From left: Ambiga, Sulaiman Abdullah, Salleh Abas, Mah Weng Kwai and Tan Sri Ramon Navaratnam at the launch of the report by the Panel of Eminent Persons to Review the Judicial Crisis in Malaysia
KUALA LUMPUR, 29 Aug 2008: A panel comprising six eminent judges and lawyers from Malaysia, Australia, India and Pakistan have found the 1988 sacking of former Lord President Tun Salleh Abas as “incomprehensible” and “unconstitutional”.
In addition, the Panel of Eminent Persons to Review the Judicial Crisis in Malaysia, also found the dismissal of judges, the late Tan Sri Wan Suleiman Pawan Teh, and Datuk George Seah, as “unjustified”, “inappropriate” and “unconstitutional”.
The panel, which was commissioned by a joint committee comprising the Malaysian Bar, Lawasia, the International Bar Association’s Human Rights Institute and Transparency International-Malaysia, also called for immediate steps to “redeem the people’s faith in the credibility of the judiciary and the rule of law” to be taken.
Relying only on the material that was made available to the two tribunals set up under the former administration of Tun Dr Mahathir Mohamad, the panel said it was “incomprehensible how a judicial tribunal could accept” the charges against Salleh Abas as proved.
The panel said that having examined the proceedings of the First Tribunal, set up to try Salleh Abas, which found him guilty of five charges including “misbehaviour”, it was of the view that the former Lord President was “totally innocent and none of the charges against him had any merit”.
The panel also said Salleh Abas was, in fact, performing his “constitutional duty to uphold and protect the doctrine of separation of powers and the rule of law in the larger interest of the country.”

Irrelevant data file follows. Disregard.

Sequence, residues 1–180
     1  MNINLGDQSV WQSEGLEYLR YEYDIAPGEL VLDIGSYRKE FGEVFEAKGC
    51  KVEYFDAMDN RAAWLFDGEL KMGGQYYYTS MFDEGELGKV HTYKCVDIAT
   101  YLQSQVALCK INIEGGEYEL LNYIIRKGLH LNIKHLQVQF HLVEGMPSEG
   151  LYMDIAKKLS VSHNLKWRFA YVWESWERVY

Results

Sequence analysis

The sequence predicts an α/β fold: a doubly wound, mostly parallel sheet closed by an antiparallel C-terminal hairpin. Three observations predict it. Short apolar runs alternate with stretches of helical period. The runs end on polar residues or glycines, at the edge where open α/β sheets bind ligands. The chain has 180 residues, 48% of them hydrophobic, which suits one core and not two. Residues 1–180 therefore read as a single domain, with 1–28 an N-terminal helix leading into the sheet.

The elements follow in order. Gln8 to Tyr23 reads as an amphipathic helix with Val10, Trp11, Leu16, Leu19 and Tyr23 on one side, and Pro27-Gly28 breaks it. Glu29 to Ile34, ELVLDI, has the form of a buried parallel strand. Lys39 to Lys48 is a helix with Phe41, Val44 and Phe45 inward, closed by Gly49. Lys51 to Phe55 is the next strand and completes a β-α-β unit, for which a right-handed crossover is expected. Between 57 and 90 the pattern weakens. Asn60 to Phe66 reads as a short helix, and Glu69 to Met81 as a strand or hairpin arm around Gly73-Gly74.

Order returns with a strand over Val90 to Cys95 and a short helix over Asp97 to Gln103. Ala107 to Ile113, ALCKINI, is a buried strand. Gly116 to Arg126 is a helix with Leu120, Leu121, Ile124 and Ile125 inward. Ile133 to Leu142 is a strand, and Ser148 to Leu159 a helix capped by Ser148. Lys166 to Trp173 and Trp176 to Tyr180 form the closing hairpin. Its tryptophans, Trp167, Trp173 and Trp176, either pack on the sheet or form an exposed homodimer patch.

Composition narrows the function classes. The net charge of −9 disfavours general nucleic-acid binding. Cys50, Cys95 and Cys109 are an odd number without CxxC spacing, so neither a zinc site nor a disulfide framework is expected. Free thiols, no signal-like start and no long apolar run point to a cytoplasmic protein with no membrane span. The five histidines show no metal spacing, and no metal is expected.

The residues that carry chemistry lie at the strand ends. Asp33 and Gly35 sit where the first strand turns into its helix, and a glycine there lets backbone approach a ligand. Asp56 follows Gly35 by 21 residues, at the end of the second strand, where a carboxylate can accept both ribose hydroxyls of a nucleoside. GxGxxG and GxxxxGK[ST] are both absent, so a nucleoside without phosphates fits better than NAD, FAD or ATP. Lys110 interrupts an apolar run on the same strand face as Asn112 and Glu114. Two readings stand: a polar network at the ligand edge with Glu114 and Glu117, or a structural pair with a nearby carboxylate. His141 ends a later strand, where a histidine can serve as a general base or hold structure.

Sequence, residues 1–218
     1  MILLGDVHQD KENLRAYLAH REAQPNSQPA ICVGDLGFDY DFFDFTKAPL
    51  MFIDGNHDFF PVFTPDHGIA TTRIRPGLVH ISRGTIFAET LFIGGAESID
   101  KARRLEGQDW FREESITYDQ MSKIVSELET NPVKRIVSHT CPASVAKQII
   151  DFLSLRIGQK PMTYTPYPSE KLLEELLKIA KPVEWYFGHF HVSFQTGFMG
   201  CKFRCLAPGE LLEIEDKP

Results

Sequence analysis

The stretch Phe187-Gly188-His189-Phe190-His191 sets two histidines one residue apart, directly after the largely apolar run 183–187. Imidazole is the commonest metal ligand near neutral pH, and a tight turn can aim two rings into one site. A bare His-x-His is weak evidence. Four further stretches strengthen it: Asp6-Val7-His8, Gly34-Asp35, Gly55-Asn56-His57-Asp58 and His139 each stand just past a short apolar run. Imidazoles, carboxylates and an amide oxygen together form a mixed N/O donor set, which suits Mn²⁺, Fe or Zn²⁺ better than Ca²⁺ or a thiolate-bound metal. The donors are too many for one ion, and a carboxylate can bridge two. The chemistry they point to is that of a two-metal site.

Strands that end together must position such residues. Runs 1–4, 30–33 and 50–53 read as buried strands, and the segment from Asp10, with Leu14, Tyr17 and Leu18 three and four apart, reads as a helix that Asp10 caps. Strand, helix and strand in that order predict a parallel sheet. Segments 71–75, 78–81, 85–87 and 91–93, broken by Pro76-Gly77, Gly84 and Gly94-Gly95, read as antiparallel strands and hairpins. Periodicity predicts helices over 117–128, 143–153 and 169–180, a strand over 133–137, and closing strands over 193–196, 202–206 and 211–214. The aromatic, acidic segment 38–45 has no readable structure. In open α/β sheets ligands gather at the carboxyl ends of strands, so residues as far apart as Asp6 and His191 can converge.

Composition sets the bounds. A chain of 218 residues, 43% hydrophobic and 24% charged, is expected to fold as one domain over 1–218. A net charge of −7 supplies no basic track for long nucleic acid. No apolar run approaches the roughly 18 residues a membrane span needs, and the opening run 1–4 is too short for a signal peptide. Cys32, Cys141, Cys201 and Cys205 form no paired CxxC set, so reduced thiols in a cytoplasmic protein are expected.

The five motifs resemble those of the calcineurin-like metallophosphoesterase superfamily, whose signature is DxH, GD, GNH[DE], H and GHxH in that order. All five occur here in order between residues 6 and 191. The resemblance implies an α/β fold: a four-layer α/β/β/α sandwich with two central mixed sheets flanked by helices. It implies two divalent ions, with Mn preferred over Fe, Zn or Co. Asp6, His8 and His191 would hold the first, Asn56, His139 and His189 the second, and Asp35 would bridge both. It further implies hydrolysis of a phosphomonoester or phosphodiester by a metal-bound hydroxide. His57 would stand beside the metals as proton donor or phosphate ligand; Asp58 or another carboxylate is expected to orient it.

“The conclusion is inevitable, that the removal of Lord President Tun Salleh was non est. [editor’s note: means that which could not have been],” the panel found. Its findings were launched today by Bar Council president Datuk Ambiga Sreenevasan.
The panel comprised former Chief Justice of the Supreme Court of India JS Verma, former Pakistan supreme court judge Fakhruddin G Ebrahim, advocate of the Supreme Court of Pakistan Dr Asma Jahangir, advocates and solicitors of the High Court of Malaya Tan Sri Dr Abdul Aziz Abdul Rahman and Datuk WSW Davidson, and Dr Gordon Hughes, former president of Lawasia and partner at Blake Dawson, Lawyers, Melbourne.
The panel, which worked from September last year until delivering its report on 26 July this year to the joint committee, also said the findings of the second tribunal which suspended and then dismissed Wan Suleiman and Seah were “unjustified and inappropriate”.
“Glaring inconsistencies between enunciation of the legal principles and their application to the facts by the Second Tribunal is indeed incomprehensible. The consequent action of (the judges’) removal under Article 125 (of the Constitution) is unconstitutional and therefore non est.”
Salleh Abas was suspended in May 1988 after several run-ins with the Mahathir administration, by a tribunal that was headed by the acting Lord President Tan Sri Abdul Hamid Omar who was also junior in rank.
Wan Suleiman and Seah were removed from office in September 1988 by a second tribunal. They and three other judges were part of a special Supreme Court sitting that unanimously granted Salleh Abas’ application to restrain the First Tribunal until his objection to its composition was resolved by the High Court.
The panel was set up after repeated calls for the government to undertake a thorough and impartial examination of the 1988 judicial crisis fell on deaf ears.
Speed up judicial reform
Ambiga said the Malaysian Bar has always been steadfast in its support of the judges — including the three others who were suspended and then reinstated, namely the late Tan Sri Eusoffe Abdoolcader, Tan Sri Wan Hamzah and Tan Sri Azmi Kamaruddin — who suffered a “gross injustice”.
Calling the report “historic” in front of lawyers, former judges and the family members of the affected judges, Ambiga said: “We seek no punishment. We seek a correction of the record that now stands against these innocent judges.”
She said even though Prime Minister Datuk Seri Abdullah Ahmad Badawi had on 17 April 2008 acknowledged the wrongdoing to the judges by paying them or their families ex-gratia payments, the record against them remained unchanged.
“The findings of the panel completely absolve the judges of any wrongdoing.”
At a press conference later, Ambiga said the report would be submitted to the government, Bar associations worldwide and international organisations.
“We hope the government will accept the panel’s findings in full,” she said, and called on the government to speed up the process of setting up the judicial appointment commission as well as stepping up the judicial reform process.